Reflections on the KM Share Fair
This post, by Sylvia Vriesendorp, originally appeared on the Global Heatlh Knowledge Collaborative Blog,and is cross-posted from the K4Health blog. The Johns Hopkins Bloomberg School of Public Health Center for Communications Programs is the current chair organization of the Global Health Knowledge Collaborative and the implementer of K4Health, with FHI 360 and Management Sciences for Health. Sylvia Vriesendorp, the emcee of the Share Fair, led the nearly 200 participants through a highly interactive day. Every session was participatory, from the audience response system in the plenaries to the hands-on demonstrations in the Marketplace and roll-up-your-sleeves design of breakout sessions. It was mentioned more than once that this should become an annual event, and a volunteer overheard a participant say she had sneaked into the event even though it was full.
“What is important to you about KM and why?” was the first question that some 40 small groups discussed, sitting at paper-covered tables with colored markers that invited participants to doodle out loud. The papers and the host at each table captured their conversations, their questions, opinions and exclamation marks. Within seconds the room was abuzz, with energy, opinions, experiences and wisdom. Two graphic facilitators captured the essence of the conversation on a 24 by 8 foot mural that slowly filled over the next 6 hours.
Another round of the World Café tapped the nearly 200 people to find out what they were not seeing, where more clarity was needed or what was in the way of making Knowledge Management an integral part of interventions aimed at improving public health.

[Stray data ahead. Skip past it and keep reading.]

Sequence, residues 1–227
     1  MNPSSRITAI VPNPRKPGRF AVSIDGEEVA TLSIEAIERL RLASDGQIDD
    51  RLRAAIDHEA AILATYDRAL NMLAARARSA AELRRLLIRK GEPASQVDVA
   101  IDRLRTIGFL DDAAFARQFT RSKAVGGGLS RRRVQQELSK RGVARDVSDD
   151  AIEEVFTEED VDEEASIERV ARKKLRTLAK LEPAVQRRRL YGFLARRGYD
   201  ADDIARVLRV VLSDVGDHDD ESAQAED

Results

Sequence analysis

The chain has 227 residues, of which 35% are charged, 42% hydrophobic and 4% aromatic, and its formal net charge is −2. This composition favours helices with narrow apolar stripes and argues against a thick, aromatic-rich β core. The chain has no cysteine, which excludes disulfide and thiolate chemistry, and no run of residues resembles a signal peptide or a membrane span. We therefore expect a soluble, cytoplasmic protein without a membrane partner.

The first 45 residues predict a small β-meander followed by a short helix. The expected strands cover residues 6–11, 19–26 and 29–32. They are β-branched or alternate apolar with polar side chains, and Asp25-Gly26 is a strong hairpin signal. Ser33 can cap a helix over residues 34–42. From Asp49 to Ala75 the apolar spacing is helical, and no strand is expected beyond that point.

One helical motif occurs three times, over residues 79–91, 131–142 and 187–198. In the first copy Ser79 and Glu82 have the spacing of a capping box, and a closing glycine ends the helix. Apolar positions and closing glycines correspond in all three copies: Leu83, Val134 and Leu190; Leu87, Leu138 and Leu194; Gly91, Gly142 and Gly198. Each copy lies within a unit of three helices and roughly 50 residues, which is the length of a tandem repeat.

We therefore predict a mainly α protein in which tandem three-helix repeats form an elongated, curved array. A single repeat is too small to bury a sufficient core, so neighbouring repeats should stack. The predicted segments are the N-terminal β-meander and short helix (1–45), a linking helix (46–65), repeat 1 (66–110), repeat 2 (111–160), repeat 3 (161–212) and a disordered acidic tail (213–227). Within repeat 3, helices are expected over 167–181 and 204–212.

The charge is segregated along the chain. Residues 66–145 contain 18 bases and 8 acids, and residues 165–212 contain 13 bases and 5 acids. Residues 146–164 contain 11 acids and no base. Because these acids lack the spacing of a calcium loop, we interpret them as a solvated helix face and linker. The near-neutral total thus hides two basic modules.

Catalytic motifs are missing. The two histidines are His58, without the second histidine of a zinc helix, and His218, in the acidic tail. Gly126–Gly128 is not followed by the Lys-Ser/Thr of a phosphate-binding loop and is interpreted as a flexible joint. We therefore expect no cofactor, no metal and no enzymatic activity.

From there came the marching orders: a number of challenges, some quite well known, others less articulated – this is the work to be done:
In-between the opening and closing plenaries, and the words spoken by Stacey Young and Ellen Starbird from USAID as book-ends to the day, breakout sessions offered opportunities to look in a more intimate setting at how some of these challenges are being addressed and what we can learn from those experiences and transfer elsewhere.
To complement the breakout sessions a marketplace provided opportunities for browsing, get ideas from organizations from the health and other sectors who have made progress in incorporating KM approaches in their work, generously sharing their “aha’s.” And finally, smart phones were activated during the plenaries to poll the audience about a variety of matters, with instant feedback on the screen in front of us.
Right in style with the mandate of the Global Health Knowledge Collaborative (GHKC), the day was a truly collaborative affair, both in the planning and execution stages, with new connections made, old ones revitalized and our minds buzzing with possibilities.